Conclusions

      We have mapped influenza susceptibility loci to chromosomes 2, 5, 16, 17, and 19. Body weight and survival loci have a time-dependent profile that presumably reflects the temporal dynamic of the response to infection. We highlight candidate genes in the respective intervals and review their possible biological function during infection.

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      Most cited references 67

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      Differential roles of MDA5 and RIG-I helicases in the recognition of RNA viruses.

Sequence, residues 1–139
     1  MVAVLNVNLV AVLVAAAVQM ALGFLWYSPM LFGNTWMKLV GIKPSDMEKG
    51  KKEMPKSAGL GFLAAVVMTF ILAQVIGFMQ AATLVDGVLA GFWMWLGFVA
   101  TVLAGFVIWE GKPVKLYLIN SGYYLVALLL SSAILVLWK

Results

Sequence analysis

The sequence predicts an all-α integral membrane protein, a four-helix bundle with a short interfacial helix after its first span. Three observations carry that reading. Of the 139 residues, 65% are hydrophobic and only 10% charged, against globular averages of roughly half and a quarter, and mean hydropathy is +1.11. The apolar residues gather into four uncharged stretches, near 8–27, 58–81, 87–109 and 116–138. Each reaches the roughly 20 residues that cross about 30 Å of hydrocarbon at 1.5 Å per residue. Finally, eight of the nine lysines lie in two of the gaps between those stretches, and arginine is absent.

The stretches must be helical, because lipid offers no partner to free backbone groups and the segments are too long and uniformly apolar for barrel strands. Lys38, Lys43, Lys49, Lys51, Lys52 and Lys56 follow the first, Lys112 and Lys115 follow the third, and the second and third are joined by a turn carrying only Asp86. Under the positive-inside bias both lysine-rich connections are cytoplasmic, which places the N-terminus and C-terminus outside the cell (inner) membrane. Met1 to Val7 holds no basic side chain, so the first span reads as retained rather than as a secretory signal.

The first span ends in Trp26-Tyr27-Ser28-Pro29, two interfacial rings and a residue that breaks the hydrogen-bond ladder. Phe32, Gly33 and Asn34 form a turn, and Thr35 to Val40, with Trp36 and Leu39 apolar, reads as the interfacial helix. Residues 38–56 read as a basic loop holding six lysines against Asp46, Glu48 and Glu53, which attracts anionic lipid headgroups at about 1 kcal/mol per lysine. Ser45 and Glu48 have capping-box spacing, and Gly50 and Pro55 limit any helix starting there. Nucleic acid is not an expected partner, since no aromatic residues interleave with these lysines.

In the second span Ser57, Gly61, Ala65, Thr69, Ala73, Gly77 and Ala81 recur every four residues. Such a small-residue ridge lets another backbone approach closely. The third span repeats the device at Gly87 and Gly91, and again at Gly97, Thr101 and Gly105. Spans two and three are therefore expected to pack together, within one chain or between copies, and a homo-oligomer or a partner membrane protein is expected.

The innate immune system senses viral infection by recognizing a variety of viral components (including double-stranded (ds)RNA) and triggers antiviral responses. The cytoplasmic helicase proteins RIG-I (retinoic-acid-inducible protein I, also known as Ddx58) and MDA5 (melanoma-differentiation-associated gene 5, also known as Ifih1 or Helicard) have been implicated in viral dsRNA recognition. In vitro studies suggest that both RIG-I and MDA5 detect RNA viruses and polyinosine-polycytidylic acid (poly(I:C)), a synthetic dsRNA analogue. Although a critical role for RIG-I in the recognition of several RNA viruses has been clarified, the functional role of MDA5 and the relationship between these dsRNA detectors in vivo are yet to be determined. Here we use mice deficient in MDA5 (MDA5-/-) to show that MDA5 and RIG-I recognize different types of dsRNAs: MDA5 recognizes poly(I:C), and RIG-I detects in vitro transcribed dsRNAs. RNA viruses are also differentially recognized by RIG-I and MDA5. We find that RIG-I is essential for the production of interferons in response to RNA viruses including paramyxoviruses, influenza virus and Japanese encephalitis virus, whereas MDA5 is critical for picornavirus detection. Furthermore, RIG-I-/- and MDA5-/- mice are highly susceptible to infection with these respective RNA viruses compared to control mice. Together, our data show that RIG-I and MDA5 distinguish different RNA viruses and are critical for host antiviral responses.